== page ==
Tips for How to Bathe Your Cat

The grooming habits of cats are well-known. They’re normally able to keep themselves clean and fresh using their tongues, teeth, and paws without the need for outside help. Your cat, on the other hand, may require assistance in keeping clean at times. It’s a good idea to give your feline companion a bath if they’re covered in something harmful, smelly, or sticky, or if they’ve acquired parasites. Here’s how to bathe a cat without causing as little stress as possible for both of you.

1. Trim the Toenails: Your cat’s claws are one of their main forms of defense. An upset cat may claw anyone nearby, including you, during the course of bath time. Cat scratches can easily become infected, so it’s in your own best interest to trim your cat’s nails before attempting a bath. 

2. Brush Before: Cats shed frequently, all year long. That extra fur won’t be good for your plumbing, and it will make it more difficult to get your cat really clean. If you can, brush your cat thoroughly to remove any loose fur and mats before you begin the bathing process. You can also put cotton balls gently in their ears to keep water out.

3. Time It Right: Cats generally don’t like to be in water. A cat that’s full of energy is going to object more strongly to a bath. Schedule the bath for a time when your cat is tired and mellow, such as after a long play session with a cat dancer or some catnip. If you can schedule your cat’s bath so someone else is around to help you out, even better. 

4. Get Traction: Your cat appreciates traction just as much as you do in the shower. Give your cat a folded towel in the bottom of the tub or a rubber bath mat to stand on so they don’t panic when they can’t stand easily. Once the mat is in the tub, add three to four inches of comfortably warm water to the tub, then have your helper put the cat in the tub. You may need your helper to hold onto the cat for the whole bath to avoid scratches.

Note: Cats don’t sweat like humans do. The steamy hot water you might prefer for a shower or bath can overheat your pet. Instead, aim for a few degrees above lukewarm. 

5. Try a Pour-Over Method: Your cat probably won’t willingly go under water. Instead, use a handheld sprayer, a pitcher, or a plastic cup to gently pour water over their body until they’re thoroughly wet.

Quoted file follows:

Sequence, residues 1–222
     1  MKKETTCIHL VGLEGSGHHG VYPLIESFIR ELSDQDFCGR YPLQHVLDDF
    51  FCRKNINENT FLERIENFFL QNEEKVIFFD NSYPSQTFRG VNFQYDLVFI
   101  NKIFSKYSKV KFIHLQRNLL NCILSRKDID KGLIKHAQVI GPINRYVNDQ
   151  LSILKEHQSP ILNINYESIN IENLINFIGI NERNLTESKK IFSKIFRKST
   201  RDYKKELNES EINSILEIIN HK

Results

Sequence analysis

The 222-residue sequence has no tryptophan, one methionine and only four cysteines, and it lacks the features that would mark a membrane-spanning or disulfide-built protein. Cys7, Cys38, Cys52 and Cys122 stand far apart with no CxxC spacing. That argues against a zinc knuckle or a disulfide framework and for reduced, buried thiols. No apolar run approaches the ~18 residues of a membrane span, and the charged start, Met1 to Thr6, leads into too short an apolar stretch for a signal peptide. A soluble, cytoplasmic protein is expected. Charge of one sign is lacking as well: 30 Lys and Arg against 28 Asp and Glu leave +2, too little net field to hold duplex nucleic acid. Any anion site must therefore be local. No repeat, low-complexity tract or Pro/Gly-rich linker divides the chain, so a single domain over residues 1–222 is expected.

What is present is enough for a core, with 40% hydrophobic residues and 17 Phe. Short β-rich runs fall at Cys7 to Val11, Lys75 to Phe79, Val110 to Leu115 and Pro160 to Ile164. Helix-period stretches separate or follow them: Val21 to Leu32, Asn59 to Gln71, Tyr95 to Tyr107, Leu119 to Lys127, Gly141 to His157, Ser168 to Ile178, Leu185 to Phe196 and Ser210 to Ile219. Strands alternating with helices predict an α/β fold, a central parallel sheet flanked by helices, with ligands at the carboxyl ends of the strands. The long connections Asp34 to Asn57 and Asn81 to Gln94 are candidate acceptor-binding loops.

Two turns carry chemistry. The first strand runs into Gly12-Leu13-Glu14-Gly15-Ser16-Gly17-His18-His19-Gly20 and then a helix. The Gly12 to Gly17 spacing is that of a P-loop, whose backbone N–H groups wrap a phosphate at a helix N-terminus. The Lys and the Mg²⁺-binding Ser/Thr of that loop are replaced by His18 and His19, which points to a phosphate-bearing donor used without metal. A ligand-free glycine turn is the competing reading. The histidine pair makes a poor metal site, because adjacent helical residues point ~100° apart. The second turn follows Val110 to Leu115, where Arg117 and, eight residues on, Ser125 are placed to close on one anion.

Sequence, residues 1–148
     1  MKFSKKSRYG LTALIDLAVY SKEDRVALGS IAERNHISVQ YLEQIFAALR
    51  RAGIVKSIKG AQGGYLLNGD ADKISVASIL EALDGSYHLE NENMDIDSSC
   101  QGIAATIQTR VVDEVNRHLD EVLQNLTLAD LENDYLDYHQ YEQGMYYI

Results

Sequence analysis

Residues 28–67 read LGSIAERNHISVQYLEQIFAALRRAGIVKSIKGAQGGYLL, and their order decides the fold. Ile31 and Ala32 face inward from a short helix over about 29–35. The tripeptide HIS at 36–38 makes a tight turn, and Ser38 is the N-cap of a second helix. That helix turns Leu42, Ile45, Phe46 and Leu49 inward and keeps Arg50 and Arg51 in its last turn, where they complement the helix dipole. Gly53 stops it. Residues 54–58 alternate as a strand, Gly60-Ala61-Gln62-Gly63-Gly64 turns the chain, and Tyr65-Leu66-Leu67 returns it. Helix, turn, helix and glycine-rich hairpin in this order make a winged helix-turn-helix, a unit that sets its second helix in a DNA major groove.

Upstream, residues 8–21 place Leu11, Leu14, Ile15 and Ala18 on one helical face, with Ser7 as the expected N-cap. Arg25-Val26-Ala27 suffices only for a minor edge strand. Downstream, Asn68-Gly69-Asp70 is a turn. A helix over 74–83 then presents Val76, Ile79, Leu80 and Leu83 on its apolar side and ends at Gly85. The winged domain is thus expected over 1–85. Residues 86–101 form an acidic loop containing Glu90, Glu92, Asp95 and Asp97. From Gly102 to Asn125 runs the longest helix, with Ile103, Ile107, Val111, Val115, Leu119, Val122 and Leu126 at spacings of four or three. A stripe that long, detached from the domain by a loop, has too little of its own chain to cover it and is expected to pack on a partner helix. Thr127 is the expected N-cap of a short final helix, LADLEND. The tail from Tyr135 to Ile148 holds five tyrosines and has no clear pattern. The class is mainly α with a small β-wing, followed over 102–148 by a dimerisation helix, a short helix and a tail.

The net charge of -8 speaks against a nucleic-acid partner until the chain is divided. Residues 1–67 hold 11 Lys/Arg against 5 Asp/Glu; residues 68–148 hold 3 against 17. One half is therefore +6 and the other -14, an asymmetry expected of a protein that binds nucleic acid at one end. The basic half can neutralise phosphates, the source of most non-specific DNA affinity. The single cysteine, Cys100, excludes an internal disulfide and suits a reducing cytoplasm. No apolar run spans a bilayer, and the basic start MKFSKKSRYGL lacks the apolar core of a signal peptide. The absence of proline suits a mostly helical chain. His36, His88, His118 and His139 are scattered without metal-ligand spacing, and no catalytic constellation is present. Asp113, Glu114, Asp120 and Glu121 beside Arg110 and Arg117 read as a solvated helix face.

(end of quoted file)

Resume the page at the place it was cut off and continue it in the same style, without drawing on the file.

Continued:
6. Use a Cat Shampoo: Don’t use human shampoo on your cat. They’re  not safe if your cat licks it, and they may hurt your cat’s delicate skin. Instead, use a shampoo that’s designed for cats. Start at your cat’s neck and gently massage the shampoo toward the tail. Avoid their face, eyes, and ears.

7. Rinse Well: Once you’ve fully lathered up your cat, you can begin rinsing them off with clean, lukewarm water. Take the time to make sure all of the soap is gone; anything that’s left will be ingested by your cat when they clean themselves again later. It can also irritate their skin and attract dirt.

8. Clean the Face: If your pet’s face also needs cleaning, don’t pour water over it or use shampoo. Instead, use a warm, damp washcloth to carefully wipe it off. Be extra cautious around your cat’s eyes and ears, which are sensitive and can be easily damaged. If you do need to use something more than plain water, you can use just a drop or two of cat shampoo on the washcloth to remove anything sticky or dangerous. 

9. Dry Thoroughly: The most important part of bathing your cat is drying them off afterward. Dry them off as quickly as possibly with a large towel, and keep them in a warm room until they’ve completely dried. If your cat lets you, you can also use a hairdryer on its lowest warmth setting to speed up the process. If your cat has long fur, take the time to comb it out with a wide-toothed comb to avoid mats later. 

10. Treat Time: Once bath time is over, make sure to reward your cat for behaving. Treats, praise, and playtime afterward may help your cat come around on the idea of bath time so it’s not as much of a struggle next time.

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